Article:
YouTube’s ‘SliM420’ has shared a video, showing Star Citizen with Pascal “Marty McFly” Gilcher’s Reshade Ray Tracing Mod. SliM420 used this Reshade Mod in order to enhance the game’s Global Illumination effects, and has managed to turn Star Citizen into Doom 3.
The following video shows Star Citizen with and without the Reshade Ray Tracing effects. At first glance, the game simply seems darker with the Reshade Mod. However, there are also some lighting differences between them. Not only that, but color bleeding is more pronounced in the Reshade mod.
As always, you can adjust the Global Illumination Ray Tracing yourselves in this Reshade. Therefore, if you think it looks too dark, you can tweak the settings in order to reduce these side-effects. To be honest, I find this modded version kind of cool, However, I don’t know whether the game is playable in other darker areas (or during the space sequences).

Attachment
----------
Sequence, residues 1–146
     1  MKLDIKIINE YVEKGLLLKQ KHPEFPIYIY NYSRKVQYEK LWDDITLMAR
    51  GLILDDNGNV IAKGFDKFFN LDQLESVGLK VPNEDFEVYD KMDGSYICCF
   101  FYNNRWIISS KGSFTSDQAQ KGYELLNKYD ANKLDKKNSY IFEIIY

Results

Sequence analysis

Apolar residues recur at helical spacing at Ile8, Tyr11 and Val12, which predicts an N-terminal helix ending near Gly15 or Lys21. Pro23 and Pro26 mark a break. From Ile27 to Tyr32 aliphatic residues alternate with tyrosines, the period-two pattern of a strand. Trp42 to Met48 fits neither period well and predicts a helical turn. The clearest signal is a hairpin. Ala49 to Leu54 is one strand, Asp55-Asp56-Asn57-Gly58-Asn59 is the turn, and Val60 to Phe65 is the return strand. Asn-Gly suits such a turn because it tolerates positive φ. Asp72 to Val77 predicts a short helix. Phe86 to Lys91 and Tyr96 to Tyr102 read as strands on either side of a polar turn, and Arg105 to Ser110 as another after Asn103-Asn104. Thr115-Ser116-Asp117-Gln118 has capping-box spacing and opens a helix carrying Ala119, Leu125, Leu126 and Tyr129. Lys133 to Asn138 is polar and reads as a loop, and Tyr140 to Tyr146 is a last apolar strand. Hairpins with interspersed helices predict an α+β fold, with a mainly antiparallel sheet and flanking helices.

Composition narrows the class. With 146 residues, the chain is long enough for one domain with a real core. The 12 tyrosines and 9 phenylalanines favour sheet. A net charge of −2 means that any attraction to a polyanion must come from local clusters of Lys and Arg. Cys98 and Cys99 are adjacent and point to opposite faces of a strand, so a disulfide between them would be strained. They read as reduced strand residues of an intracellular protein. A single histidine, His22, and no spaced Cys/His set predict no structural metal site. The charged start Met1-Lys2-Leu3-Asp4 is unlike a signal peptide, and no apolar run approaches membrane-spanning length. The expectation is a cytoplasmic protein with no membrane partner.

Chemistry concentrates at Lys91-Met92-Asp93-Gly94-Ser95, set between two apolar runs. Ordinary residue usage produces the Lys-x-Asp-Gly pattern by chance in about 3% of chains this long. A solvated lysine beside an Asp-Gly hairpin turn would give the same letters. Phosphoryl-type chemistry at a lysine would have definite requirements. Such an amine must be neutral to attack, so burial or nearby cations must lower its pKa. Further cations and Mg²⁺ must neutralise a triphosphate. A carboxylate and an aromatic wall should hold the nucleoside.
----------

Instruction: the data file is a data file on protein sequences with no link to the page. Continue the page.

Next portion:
Now the downside of using this Reshade is, as you may have guessed it, its performance hit. You will immediately notice in the video that the framerate goes downhill when SliM420 enables the Reshade ray-tracing effects. Again, you can tweak Reshade in order to improve performance by calculating less rays. However, that will have a negative effect on the Ray Tracing effects.
Since Cloud Imperium has not announced yet support for native real-time ray tracing effects, it’s cool looking at Star Citizen with this Reshade. So, here is hoping that the team will implement some Ray Tracing effects.
John is the founder and Editor in Chief at DSOGaming. He is a PC gaming fan and highly supports the modding and indie communities. Before creating DSOGaming, John worked on numerous gaming websites. While he is a die-hard PC gamer, his gaming roots can be found on consoles. John loved – and still does – the 16-bit consoles, and considers SNES to be one of the best consoles. Still, the PC platform won him over consoles. That was mainly due to 3DFX and its iconic dedicated 3D accelerator graphics card, Voodoo 2. John has also written a higher degree thesis on the “The Evolution of PC graphics cards.”